My first real job was at IBM, in the old Boca Raton lab, in 1976. (Important: IBM has become a very different company in the last twenty years, so please assume none of this applies to the current company. Also, this is all to my recollection, and memory is unreliable.)
The offer was made early, and sounded great. I’ve never been in love with the beach, but thought it might be fun to live near the ocean, and live in a city whose name means “mouse’s mouth.”
The job was in “advanced technology” and dealt with systems architecture.
It took a few years to sink in, but turns out that in corporate language, “advanced tech” is a euphemism: It isn’t what it sounds like. But the software design process didn’t include asking actual customers about usability. I discovered later on, through founding craigslist, that listening to people is about the smartest thing you can do.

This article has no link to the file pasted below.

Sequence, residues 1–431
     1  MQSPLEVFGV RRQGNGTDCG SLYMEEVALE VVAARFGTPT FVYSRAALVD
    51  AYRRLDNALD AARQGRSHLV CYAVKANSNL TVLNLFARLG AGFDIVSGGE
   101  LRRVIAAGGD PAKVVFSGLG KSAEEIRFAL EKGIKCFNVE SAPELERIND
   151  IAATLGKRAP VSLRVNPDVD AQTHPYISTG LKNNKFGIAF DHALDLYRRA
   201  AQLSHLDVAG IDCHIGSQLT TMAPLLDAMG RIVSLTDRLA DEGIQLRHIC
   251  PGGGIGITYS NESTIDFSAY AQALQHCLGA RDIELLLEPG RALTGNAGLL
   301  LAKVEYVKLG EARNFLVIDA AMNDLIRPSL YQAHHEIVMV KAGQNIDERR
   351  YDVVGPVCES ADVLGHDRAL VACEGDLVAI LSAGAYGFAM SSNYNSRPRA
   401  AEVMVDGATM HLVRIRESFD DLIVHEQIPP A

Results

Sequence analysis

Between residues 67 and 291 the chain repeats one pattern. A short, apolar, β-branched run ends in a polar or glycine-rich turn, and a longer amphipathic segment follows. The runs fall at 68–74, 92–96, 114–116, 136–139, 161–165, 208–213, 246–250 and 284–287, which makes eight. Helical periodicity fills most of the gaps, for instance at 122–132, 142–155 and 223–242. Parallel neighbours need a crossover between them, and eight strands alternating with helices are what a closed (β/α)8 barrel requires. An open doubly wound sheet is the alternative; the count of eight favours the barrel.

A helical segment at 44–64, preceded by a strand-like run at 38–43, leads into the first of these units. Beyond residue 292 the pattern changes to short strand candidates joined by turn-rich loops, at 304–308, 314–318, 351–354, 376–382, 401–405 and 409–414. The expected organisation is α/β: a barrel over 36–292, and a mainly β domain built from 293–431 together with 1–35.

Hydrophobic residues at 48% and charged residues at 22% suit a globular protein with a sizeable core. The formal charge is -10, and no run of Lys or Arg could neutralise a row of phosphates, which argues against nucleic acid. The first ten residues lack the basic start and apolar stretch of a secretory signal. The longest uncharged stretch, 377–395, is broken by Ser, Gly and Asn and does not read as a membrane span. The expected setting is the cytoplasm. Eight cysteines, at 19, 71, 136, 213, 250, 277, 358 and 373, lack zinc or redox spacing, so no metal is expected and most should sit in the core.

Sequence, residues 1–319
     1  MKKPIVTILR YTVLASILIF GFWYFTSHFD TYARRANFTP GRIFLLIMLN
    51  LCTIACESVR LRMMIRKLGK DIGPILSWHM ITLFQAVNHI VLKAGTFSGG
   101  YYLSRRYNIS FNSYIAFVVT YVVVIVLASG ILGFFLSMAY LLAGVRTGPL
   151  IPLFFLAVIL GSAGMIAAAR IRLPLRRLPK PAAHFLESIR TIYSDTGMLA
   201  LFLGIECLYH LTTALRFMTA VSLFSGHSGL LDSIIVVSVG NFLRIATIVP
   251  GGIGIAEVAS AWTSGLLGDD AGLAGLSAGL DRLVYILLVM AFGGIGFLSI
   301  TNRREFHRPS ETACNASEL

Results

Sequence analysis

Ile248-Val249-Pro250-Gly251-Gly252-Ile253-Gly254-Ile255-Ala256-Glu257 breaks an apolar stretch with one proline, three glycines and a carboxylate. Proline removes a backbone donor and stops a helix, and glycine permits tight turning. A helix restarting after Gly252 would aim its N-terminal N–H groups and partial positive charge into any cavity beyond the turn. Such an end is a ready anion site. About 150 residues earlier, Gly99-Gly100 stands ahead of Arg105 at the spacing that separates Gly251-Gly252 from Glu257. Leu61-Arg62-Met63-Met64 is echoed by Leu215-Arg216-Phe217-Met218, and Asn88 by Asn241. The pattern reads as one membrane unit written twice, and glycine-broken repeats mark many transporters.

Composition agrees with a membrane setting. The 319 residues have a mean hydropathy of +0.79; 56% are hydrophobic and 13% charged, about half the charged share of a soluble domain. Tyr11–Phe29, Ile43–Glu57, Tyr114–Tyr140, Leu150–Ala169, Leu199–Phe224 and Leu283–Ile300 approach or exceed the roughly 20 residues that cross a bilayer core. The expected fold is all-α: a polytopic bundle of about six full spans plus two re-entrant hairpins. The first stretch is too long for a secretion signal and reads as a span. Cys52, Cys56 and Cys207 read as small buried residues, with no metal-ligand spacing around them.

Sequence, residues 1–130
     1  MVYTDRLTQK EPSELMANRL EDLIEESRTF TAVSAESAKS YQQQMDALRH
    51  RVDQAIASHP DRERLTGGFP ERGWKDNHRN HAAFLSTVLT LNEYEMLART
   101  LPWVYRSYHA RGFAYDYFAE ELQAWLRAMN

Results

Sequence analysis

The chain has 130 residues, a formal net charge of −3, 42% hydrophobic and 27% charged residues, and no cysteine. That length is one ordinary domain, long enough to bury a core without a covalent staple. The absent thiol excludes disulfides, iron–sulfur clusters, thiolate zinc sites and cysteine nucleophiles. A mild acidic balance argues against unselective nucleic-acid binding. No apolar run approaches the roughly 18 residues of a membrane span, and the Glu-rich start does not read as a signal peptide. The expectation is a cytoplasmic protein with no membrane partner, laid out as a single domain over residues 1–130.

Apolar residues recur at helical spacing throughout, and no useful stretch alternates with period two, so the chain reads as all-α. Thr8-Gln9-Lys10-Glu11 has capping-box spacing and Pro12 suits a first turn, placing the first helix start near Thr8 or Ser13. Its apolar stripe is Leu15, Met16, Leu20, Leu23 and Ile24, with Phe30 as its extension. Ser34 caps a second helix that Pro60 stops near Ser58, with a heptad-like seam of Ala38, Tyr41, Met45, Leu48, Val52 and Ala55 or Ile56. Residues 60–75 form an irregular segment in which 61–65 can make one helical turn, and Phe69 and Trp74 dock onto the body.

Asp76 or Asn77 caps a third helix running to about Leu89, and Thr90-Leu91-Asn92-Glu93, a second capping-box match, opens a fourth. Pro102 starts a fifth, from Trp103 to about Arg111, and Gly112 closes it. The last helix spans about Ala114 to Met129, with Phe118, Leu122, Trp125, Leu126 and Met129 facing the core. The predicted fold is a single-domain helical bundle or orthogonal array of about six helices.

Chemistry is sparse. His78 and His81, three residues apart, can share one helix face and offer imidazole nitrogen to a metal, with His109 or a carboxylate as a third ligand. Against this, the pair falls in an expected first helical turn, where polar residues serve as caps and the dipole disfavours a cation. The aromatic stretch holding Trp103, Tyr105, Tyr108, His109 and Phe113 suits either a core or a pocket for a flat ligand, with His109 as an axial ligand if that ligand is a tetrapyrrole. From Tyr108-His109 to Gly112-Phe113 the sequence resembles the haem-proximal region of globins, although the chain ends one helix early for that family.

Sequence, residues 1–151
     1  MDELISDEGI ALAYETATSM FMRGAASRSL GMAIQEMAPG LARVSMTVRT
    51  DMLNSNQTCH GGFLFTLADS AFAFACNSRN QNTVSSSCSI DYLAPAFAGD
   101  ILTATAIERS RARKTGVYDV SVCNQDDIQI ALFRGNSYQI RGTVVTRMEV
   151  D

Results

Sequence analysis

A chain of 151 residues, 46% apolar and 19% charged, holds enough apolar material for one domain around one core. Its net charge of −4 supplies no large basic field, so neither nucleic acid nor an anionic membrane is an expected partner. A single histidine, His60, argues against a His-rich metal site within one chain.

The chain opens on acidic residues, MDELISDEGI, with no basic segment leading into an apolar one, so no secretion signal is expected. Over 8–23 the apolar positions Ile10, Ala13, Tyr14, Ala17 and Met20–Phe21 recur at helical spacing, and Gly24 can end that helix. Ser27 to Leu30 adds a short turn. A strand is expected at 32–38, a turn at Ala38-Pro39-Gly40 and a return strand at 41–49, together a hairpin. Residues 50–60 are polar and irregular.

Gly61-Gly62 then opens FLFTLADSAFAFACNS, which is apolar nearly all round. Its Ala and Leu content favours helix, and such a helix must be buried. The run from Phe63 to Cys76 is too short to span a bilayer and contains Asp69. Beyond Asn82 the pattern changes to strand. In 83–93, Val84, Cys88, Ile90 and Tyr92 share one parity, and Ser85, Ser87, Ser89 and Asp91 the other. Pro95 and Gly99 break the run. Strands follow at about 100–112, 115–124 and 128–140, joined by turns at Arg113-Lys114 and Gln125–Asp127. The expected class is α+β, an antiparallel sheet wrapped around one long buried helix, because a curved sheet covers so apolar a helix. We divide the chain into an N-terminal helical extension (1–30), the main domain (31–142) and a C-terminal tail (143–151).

I got involved in some software development. That led to some customer involvement, but I was too easy to read, and customers looked to my reactions to see if marketing was, say, stretching things. We nerds are not great salespeople.
After some years, the opportunity to transfer to IBM in Detroit was made, to be involved in a joint effort with General Motors to do factory automation work. Well, I took the offer.
Detroit was pretty good for me, I liked the people and got involved with the local science fiction community, and the local artists community.
After a total of seventeen years, IBM was going through a lot of changes. I took a really good buyout offer and ended up moving to San Francisco, where I got another job and a few years later started craigslist in my spare time.
Photo: Adam Jenkins/Flickr
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